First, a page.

Southern California Edison is leading the way as utilities become the solar industry's largest customers, according to a report Wednesday by the Solar Electric Power Association, whose members include solar tech companies and more than 300 utilities.
The utility is ahead of its counterparts in both overall solar energy capacity per megawatt and per customer, the study found (PDF). Further north, Pacific Gas & Electric is in front in terms of overall solar capacity and megawatts per customer.
The nonprofit solar association compiled the rankings from data collected from 50 utilities this spring. It projected growth in U.S. solar electricity, particularly photovoltaics, to expand to 600 megawatts in 2012 from 150 megawatts last year.
Southern California Edison came out on top largely due to its interest in large, concentrating solar thermal projects, such as a 245-megawatt agreement with eSolar. And it's working to build 250 megawatts of solar panels across 65 million square feet of rooftops.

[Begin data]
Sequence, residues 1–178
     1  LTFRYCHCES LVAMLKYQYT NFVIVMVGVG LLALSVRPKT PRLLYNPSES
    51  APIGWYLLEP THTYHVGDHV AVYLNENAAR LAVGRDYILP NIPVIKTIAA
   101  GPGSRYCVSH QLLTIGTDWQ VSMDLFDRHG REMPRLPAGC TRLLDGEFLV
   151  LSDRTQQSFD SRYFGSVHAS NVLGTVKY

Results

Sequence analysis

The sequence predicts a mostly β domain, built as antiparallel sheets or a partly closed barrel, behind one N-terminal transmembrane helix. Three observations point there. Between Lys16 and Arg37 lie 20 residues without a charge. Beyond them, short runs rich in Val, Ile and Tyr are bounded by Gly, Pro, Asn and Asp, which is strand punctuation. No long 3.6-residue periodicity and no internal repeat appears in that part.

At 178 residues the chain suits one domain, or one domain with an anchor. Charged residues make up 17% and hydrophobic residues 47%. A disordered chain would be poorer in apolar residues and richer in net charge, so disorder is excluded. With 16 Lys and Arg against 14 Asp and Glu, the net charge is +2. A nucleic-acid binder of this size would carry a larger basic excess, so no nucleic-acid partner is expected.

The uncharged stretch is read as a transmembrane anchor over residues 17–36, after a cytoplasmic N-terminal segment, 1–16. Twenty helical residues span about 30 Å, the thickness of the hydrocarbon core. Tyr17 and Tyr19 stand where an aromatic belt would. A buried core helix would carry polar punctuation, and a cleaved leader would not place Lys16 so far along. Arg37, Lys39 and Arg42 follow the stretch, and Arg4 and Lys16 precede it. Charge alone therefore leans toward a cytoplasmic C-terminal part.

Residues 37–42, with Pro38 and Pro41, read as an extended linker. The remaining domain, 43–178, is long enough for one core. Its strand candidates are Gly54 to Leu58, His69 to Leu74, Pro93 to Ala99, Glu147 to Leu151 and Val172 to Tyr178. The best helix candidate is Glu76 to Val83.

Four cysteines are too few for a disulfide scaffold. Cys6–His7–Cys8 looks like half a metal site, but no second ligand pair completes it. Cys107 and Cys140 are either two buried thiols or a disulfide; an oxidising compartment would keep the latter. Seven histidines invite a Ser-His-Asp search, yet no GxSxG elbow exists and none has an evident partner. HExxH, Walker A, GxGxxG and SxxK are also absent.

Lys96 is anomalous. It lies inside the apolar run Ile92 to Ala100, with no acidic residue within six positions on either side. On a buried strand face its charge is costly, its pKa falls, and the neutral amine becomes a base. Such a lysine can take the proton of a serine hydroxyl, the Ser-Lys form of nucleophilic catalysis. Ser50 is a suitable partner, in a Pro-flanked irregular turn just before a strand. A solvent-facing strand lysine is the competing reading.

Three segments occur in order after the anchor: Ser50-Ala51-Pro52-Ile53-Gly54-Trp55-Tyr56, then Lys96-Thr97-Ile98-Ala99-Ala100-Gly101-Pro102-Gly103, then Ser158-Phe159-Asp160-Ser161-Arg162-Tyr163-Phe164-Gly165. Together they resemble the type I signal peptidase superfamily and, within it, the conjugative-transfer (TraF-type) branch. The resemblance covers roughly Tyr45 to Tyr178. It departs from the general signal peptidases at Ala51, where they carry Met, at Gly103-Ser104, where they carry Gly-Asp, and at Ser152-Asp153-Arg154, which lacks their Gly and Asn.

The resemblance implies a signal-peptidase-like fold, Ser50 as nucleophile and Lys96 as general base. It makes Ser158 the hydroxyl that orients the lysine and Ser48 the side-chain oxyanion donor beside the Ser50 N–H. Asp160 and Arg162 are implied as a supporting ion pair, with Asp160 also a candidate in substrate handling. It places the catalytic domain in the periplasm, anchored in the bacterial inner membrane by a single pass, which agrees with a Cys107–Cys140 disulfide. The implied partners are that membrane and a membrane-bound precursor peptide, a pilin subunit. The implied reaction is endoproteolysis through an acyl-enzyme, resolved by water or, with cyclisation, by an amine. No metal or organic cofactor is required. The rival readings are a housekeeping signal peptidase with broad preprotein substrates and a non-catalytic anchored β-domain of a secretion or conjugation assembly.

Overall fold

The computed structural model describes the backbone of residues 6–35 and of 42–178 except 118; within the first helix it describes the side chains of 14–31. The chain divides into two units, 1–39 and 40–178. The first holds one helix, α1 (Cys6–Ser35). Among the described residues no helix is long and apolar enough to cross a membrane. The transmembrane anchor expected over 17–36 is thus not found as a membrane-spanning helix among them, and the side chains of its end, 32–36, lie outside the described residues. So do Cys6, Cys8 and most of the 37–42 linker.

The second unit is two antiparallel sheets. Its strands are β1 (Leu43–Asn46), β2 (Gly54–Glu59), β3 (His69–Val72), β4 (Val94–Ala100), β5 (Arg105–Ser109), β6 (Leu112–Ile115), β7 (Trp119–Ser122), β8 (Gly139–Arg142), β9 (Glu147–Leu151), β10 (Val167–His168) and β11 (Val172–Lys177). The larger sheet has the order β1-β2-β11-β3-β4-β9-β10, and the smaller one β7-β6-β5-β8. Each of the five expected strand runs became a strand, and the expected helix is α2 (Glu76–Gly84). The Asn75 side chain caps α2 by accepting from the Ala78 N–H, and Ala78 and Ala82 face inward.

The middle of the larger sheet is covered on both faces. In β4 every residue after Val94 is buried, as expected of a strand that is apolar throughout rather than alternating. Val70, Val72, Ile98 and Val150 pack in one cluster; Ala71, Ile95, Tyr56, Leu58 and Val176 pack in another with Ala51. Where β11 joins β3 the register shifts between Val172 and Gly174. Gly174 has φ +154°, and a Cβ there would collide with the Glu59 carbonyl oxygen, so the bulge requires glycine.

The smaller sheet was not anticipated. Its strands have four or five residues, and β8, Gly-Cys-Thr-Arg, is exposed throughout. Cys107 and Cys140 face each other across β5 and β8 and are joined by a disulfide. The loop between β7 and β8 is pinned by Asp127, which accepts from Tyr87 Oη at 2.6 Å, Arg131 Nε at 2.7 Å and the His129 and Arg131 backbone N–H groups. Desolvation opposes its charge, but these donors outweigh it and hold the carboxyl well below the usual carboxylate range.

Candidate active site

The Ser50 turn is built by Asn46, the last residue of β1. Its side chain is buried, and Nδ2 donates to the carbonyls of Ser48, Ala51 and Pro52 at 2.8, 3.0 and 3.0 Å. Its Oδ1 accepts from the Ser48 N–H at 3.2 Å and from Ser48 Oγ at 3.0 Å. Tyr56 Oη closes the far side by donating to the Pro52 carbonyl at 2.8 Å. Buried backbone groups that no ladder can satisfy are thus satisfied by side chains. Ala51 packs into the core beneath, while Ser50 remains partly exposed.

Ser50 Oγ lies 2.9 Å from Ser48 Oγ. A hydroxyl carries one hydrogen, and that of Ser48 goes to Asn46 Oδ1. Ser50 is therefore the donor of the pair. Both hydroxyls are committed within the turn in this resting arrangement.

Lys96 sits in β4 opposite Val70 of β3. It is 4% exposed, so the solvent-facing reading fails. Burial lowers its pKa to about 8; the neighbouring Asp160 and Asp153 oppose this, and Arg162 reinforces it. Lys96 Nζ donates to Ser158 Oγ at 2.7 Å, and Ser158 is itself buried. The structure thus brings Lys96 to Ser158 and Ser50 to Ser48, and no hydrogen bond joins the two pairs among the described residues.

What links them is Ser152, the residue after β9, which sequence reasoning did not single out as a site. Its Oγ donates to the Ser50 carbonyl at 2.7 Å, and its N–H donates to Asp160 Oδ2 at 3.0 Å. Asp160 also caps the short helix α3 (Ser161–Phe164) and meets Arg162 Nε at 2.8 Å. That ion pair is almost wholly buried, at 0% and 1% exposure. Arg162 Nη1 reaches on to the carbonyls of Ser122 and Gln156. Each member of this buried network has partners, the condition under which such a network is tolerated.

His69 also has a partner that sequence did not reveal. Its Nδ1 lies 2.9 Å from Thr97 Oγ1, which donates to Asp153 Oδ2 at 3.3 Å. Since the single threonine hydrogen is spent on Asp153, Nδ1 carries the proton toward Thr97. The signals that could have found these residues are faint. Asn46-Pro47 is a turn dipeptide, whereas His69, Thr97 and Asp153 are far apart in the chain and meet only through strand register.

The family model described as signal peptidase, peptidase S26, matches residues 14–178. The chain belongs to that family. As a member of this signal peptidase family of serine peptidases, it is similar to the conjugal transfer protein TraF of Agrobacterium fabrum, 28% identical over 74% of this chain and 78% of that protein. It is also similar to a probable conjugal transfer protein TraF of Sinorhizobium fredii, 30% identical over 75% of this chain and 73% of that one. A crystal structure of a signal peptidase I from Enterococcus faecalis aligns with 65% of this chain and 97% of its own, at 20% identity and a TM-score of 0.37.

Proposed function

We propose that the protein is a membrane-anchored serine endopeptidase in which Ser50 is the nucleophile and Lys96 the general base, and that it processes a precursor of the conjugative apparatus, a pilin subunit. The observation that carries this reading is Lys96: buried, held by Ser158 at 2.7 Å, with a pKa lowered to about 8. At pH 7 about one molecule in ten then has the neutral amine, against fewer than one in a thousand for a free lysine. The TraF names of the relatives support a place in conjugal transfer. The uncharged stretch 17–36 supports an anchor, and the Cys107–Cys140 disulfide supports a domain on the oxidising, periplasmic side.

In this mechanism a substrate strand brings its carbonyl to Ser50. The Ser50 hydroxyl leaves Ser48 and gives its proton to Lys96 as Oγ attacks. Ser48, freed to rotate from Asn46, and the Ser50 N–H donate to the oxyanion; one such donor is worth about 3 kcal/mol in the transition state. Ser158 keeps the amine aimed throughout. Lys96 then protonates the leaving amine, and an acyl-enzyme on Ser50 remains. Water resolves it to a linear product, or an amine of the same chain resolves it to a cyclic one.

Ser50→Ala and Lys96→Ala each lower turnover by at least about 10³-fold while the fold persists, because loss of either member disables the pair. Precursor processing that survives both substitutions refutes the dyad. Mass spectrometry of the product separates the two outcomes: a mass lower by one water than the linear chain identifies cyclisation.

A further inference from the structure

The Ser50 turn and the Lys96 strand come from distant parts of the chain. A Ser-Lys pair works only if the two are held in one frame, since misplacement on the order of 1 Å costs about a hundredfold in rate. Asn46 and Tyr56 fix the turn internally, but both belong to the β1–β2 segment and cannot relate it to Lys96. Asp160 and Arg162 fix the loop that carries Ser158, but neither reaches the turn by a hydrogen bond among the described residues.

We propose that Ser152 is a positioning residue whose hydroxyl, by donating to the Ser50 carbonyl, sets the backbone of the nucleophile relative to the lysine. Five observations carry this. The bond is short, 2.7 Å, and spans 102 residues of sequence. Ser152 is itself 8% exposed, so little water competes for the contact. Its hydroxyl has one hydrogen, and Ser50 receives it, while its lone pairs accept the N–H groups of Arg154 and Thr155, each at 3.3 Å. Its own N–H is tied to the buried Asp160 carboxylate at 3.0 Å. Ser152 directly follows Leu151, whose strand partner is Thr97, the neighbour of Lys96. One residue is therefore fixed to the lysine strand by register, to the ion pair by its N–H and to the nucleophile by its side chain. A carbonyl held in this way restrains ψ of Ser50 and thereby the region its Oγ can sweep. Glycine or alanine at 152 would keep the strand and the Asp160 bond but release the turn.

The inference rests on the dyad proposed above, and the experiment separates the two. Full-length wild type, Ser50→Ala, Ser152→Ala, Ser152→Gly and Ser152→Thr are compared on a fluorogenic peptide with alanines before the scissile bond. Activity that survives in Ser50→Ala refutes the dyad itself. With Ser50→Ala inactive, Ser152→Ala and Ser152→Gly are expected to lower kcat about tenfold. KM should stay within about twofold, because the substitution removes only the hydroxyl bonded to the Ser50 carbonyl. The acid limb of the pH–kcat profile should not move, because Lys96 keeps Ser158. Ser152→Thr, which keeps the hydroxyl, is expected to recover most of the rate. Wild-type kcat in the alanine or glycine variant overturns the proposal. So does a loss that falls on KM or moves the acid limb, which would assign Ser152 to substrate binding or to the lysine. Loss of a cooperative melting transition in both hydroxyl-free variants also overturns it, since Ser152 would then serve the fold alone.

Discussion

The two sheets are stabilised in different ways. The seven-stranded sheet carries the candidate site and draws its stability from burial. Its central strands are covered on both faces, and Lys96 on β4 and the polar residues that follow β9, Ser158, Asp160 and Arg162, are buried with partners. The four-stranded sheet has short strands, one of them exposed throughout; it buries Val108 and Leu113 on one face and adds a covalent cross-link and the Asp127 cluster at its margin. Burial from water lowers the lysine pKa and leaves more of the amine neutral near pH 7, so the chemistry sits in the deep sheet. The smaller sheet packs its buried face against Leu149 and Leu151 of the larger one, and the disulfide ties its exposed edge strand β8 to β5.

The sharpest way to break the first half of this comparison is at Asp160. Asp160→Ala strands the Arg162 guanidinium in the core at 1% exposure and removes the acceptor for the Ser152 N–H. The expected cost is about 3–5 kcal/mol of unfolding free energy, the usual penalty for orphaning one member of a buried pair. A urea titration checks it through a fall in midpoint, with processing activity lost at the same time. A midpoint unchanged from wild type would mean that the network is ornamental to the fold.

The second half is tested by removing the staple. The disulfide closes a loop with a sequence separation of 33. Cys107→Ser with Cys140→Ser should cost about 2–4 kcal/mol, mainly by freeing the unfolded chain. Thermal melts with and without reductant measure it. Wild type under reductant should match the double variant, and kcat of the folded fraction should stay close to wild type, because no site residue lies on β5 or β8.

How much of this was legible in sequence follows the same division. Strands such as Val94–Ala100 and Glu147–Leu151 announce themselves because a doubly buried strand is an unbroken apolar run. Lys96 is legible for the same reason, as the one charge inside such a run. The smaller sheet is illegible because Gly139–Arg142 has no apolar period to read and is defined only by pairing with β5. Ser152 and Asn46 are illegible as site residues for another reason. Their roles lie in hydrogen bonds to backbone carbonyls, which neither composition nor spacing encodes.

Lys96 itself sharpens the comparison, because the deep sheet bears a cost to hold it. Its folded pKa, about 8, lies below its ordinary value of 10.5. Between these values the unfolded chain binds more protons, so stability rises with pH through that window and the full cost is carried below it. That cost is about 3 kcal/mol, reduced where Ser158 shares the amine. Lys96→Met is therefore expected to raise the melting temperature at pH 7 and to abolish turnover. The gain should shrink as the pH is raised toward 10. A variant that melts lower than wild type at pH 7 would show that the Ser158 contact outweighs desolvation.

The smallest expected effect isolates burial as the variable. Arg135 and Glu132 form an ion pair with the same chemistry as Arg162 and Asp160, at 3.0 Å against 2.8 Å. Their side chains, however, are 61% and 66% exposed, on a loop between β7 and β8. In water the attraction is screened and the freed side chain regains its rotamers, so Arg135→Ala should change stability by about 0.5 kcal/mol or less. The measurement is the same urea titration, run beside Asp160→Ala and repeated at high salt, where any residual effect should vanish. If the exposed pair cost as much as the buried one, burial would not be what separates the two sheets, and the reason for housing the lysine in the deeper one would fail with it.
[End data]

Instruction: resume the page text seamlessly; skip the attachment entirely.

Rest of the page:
However, concentrating solar thermal projects under way by other electricity providers could dethrone the Southern California utility from its top spot, the report predicted.
Golden State utilities may be the earliest solar adopters, but others in the West, Midwest and Mid-Atlantic regions are also increasingly embracing renewables, according to the study.
In its forecast, 4,600 megawatts of concentrating solar systems will be planned nationwide within the next eight years, at least 600 megawatts of which won't come from sprawling solar farms.
For instance, initiatives to encourage solar adoption by homeowners and businesses are coming from Duke Energy, Long Island Power Authority, San Diego Gas & Electric, and Southern California Edison.
State renewable energy portfolio standards will help to advance adoption of big solar installations, but progress will stall if federal tax credits, which are set to expire at the end of the year, aren't extended, said the report's author, Mike Taylor, in a conference call.
"We're hitting some new momentum with new business models, but this tax credit uncertainty is potentially holding things back and creating some friction in the system," added Taylor, the association's research director. "A lot of utilities are waiting in the wings to see what's happening. Some are jumping ahead of the game because they want to be the first movers."
By his group's estimation, other states making inroads with solar power include Arizona, Colorado, Hawaii, Illinois, Nevada, New Jersey, New York, Texas, Washington, and Wisconsin.